In the United States alone, around five to ten million people suffer from trichotillomania, also known as hair-pulling disorder. If you have this condition, chances are that you’ve probably tried many different approaches to curing it such as anxiety medication, antidepressants, or even hypnosis.
Unfortunately, many people affected by trichotillomania report that most forms of treatment do not result in their desired outcome of hair-pulling cessation which can be incredibly frustrating. However, one natural supplement has risen in popularity in recent years for its potential to treat this condition – N-acetyl cysteine (NAC).
It is believed that NAC can be an effective treatment for trichotillomania because it is a precursor to L-cysteine. L-cysteine is an amino acid that is converted into the antioxidant glutathione which can help treat trichotillomania as the condition’s pathophysiology involves excessive oxidative stress.
A handful of studies in adults have shown that NAC can greatly help in the reduction of hair pulling within a few weeks or months of use. In fact, some studies conducted in adults have shown that affected individuals can grow their hair back to how it was originally following treatment.
Here, I’ll explain how the body processes NAC and discuss what research shows about NAC for trichotillomania. I’ll also review what’s considered to be the optimal dosage for treatment in case you decide to try it out yourself.
Why Do People Use NAC For Trichotillomania?
Trichotillomania is a hair-pulling disorder that’s estimated to affect 1-2% of the world’s population. It can be caused by various factors including anxiety, extreme stress, and obsessive-compulsive disorder (OCD). Consistent hair pulling can lead to hair loss and emotional stress.
Trichotillomania is generally treated by habit reversal therapy, counseling, support groups, hypnosis, and medication. While psychotherapy is believed to be the most effective form of cognitive treatment, NAC stands out when it comes to supplement-based treatment.
NAC is a supplemental form of cysteine that provides the body with a vital antioxidant called glutathione, which regulates inflammatory, neurotropic, and glutamatergic pathways. Since NAC helps restore the nucleus accumbens (a structure in the brain that mediates emotional and motivational processes) with the proper amount of extracellular glutamate concentration, it can help reduce the compulsivity of someone pulling their hair out. This is also supported by the fact that many people with OCD also have irregularities in their glutamatergic systems.
While there are many ways to go about trying to treat trichotillomania, NAC is a simple and straightforward treatment that is more natural than taking medications like selective serotonin reuptake inhibitors (SSRIs) and other antidepressants.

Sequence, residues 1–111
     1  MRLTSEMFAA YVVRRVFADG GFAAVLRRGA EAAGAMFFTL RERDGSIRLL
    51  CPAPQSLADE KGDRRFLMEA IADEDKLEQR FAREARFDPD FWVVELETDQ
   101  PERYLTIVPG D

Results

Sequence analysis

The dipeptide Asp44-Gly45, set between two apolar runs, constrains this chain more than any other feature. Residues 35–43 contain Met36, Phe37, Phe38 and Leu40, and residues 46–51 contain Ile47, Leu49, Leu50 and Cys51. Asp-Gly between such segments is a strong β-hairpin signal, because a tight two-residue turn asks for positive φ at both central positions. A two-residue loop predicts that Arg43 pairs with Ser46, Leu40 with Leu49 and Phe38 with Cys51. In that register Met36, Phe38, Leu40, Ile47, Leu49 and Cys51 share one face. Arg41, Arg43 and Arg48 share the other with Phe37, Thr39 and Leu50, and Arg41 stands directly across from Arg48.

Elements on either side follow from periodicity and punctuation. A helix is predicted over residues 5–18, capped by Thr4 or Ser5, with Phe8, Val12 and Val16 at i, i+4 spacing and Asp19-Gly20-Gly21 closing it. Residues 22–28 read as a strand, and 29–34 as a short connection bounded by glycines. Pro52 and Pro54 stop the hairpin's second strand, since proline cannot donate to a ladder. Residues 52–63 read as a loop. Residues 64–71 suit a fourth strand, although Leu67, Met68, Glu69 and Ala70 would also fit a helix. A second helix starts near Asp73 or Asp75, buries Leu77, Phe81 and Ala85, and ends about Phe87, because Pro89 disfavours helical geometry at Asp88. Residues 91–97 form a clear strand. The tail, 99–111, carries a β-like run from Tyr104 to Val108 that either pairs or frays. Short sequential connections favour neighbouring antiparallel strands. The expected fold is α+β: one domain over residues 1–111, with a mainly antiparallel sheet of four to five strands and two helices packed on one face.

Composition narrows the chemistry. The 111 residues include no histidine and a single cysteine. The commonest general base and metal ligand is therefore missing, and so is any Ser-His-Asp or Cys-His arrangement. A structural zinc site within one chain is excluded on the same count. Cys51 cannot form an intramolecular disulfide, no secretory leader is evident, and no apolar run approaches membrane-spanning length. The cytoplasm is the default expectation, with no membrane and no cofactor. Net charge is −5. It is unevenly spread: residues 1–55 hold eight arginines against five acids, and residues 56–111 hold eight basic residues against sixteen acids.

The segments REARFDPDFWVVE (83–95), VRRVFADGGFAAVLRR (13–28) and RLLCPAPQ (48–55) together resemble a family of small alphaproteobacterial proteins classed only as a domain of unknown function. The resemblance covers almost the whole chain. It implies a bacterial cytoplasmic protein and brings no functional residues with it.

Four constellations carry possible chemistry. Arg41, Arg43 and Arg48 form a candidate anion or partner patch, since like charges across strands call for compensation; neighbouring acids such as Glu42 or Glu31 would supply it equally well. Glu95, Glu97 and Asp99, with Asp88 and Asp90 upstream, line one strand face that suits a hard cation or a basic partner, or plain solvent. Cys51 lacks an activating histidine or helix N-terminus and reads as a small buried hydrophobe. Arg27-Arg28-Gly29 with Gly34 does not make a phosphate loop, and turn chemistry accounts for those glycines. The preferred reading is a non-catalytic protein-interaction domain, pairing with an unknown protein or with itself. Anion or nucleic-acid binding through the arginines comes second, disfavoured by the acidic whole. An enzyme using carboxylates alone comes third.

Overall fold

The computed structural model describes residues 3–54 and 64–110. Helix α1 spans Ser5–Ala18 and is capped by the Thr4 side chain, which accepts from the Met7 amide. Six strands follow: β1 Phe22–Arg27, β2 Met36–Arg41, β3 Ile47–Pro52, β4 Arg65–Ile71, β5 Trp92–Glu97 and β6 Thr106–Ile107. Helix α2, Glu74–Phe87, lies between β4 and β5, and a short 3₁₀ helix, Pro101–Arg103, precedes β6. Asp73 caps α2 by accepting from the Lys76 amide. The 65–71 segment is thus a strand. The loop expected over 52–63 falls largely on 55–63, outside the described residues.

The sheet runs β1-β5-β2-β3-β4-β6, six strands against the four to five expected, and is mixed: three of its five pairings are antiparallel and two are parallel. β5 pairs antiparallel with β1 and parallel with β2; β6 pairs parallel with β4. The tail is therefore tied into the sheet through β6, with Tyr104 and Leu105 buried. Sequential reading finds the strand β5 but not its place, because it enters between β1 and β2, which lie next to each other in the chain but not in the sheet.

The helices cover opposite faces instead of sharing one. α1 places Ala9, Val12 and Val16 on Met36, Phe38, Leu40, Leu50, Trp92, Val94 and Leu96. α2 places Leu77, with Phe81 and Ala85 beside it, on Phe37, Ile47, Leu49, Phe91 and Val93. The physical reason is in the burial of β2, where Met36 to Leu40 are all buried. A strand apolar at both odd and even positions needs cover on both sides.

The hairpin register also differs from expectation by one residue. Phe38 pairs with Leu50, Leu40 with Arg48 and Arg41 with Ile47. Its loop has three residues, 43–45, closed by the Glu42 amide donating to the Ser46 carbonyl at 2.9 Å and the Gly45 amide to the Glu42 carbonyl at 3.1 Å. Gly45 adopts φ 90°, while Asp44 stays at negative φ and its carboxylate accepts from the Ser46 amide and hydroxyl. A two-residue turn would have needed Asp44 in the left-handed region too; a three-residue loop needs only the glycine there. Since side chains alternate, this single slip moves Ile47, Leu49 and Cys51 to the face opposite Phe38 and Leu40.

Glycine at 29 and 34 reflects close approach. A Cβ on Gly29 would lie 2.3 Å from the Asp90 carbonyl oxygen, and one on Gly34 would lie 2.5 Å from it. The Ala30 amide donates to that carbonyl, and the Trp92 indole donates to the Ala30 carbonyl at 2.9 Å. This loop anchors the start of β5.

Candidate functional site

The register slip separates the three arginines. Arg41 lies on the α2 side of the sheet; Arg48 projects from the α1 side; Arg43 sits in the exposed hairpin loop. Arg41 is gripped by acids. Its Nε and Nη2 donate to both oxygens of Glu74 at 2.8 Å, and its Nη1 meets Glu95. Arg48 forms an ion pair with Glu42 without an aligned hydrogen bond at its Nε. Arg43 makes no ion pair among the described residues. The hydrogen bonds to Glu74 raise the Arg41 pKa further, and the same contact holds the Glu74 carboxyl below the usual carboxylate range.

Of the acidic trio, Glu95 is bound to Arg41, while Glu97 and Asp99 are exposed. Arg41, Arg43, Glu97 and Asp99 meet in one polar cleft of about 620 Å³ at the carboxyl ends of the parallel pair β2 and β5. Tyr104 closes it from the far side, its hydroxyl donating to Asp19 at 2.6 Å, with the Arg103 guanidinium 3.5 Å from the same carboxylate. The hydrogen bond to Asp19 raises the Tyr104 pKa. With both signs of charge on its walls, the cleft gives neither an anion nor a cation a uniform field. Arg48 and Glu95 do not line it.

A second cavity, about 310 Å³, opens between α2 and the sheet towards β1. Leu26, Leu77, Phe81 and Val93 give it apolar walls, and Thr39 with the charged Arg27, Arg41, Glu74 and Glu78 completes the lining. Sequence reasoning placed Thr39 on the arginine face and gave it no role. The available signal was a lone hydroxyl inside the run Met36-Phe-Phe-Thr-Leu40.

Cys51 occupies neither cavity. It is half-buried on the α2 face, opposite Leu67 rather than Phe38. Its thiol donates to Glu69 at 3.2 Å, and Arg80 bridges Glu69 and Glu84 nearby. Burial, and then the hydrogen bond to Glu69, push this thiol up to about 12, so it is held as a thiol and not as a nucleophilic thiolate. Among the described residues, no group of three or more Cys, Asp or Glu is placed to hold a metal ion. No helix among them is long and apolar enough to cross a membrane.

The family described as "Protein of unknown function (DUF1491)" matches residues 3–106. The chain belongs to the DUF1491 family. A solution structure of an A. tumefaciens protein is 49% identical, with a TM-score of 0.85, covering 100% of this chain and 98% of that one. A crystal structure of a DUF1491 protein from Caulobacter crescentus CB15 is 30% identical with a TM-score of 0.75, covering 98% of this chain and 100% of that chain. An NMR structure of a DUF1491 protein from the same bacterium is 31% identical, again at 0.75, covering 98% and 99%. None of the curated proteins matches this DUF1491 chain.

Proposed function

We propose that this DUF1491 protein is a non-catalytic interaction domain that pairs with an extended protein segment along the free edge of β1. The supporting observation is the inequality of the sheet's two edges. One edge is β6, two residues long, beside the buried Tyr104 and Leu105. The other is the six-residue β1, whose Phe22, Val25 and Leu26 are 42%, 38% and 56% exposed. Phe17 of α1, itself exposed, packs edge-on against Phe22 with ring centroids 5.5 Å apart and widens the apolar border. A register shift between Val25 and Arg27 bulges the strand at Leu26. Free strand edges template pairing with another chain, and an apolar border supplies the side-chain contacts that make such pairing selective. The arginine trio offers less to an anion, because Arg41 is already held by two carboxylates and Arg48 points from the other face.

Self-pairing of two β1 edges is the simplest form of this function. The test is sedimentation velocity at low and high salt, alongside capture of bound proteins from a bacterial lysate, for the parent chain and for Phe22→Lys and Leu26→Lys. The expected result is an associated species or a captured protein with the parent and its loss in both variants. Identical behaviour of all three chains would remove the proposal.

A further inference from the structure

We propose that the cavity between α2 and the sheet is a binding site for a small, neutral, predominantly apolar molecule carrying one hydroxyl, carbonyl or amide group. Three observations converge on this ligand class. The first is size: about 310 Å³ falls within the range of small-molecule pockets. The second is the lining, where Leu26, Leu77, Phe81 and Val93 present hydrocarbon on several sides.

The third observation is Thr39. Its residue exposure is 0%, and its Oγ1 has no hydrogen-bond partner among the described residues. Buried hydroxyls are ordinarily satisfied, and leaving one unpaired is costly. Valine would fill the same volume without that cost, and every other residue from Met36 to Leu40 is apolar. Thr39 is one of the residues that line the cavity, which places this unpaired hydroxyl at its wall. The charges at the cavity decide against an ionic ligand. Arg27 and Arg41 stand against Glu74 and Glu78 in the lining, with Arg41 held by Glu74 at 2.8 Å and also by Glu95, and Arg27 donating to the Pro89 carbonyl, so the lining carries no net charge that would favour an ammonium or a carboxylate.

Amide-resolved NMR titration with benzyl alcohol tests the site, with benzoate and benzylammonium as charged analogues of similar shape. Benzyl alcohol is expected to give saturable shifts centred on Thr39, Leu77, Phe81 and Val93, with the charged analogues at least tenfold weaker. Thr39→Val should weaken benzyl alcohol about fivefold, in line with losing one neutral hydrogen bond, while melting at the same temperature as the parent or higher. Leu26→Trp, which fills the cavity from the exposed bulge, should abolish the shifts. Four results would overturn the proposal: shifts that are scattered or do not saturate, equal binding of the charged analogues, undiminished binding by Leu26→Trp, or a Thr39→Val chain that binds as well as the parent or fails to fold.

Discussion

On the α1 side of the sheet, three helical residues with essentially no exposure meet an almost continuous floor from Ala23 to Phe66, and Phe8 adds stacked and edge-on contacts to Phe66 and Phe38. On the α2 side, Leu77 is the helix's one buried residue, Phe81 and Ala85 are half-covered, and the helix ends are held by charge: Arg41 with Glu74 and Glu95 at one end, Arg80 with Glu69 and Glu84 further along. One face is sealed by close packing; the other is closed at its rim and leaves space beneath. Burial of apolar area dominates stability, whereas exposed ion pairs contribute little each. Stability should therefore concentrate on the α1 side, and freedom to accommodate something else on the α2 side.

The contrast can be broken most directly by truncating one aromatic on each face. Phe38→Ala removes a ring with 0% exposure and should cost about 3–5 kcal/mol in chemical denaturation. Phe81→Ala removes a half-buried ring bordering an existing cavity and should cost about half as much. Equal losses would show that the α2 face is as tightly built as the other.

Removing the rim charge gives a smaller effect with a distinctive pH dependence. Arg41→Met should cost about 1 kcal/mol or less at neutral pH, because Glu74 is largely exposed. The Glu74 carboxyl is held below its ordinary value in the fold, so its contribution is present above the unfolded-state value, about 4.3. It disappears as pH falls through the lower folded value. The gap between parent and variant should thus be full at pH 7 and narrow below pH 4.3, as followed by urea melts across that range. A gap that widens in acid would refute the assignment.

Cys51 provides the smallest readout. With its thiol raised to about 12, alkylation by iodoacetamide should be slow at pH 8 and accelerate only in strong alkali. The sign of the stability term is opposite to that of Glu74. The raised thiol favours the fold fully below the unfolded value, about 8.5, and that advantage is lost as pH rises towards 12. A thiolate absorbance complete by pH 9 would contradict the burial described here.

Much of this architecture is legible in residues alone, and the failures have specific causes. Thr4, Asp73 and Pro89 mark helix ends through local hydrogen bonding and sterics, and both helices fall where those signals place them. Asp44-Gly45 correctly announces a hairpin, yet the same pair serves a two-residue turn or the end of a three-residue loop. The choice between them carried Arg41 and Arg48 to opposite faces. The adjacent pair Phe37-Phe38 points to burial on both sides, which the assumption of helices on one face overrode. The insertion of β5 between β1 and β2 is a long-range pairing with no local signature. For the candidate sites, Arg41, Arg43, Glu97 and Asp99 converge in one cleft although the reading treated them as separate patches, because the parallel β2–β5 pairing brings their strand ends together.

What Does Research Say About Using NAC For Trichtillomia?
While there is still more research to be done in the future on larger populations, several studies have been conducted to examine the use of NAC for trichotillomania.
In a study led by Jon E. Grant, 50 individuals with trichotillomania were brought together to help determine the efficacy and tolerability of N-acetylcysteine in adults. 5 of the adults were men while 45 were women, and they were, on average, 34 years of age. After a period of 12 weeks, 56% of patients who took 1,200 to 2,400 mg of NAC daily improved “much” or “very much” in comparison to 16% who were taking the placebo.
Another study conducted by D. Ozcan and D. Seckin investigated if NAC would make a difference in trichotillomania in 2 individuals. After regularly taking 1,200 mg of NAC per day, hair pulling subsided after 2 months and 2 weeks of use in both the 30-year-old female and 14-year-old girl.
A third study examined 39 children between the ages of 8 and 17 with pediatric trichotillomania who took either a maximum of 2,400 mg NAC daily or a placebo for 12 weeks. A significant reduction in hair-pulling was observed in 25% of those who took NAC and 21% of those who took the placebo, indicating that NAC wasn’t especially effective.
In addition to the above studies, there are a handful of studies conducted in single individuals that have shown significant improvements in hair-pulling disorder after using 1,200 mg a day for 3 weeks and 3 months. However, despite the promising results of using NAC for trichotillomania, there’s a need for future studies conducted in larger cohorts to confirm these results, especially those conducted in children.
What Is The Standard NAC Trichotillomania Dosage?
Referring to the studies mentioned above, the most common dosage of NAC that was effective for trichotillomania was 1,200 mg per day. With this dosage, some patients found relief in as little as a few weeks, while others experienced it within a few months.
Double Wood Supplements, a reputable producer of NAC, recommends for people to use two 500 mg capsules daily on an empty stomach. They say you can take up to four capsules if you need a more potent dose, but it is not recommended to go beyond 2,000 mg. Another company that produces NAC is Bulk Supplements. They suggest taking 600 mg up to three times a day or following the recommendations of a physician.
Also read our article on the best NAC supplements.
Editor’s note: we are regularly updating this review. If you see any problems, weird interpretations of the data, or just want to say hi, please reach out to firstname.lastname@example.org.
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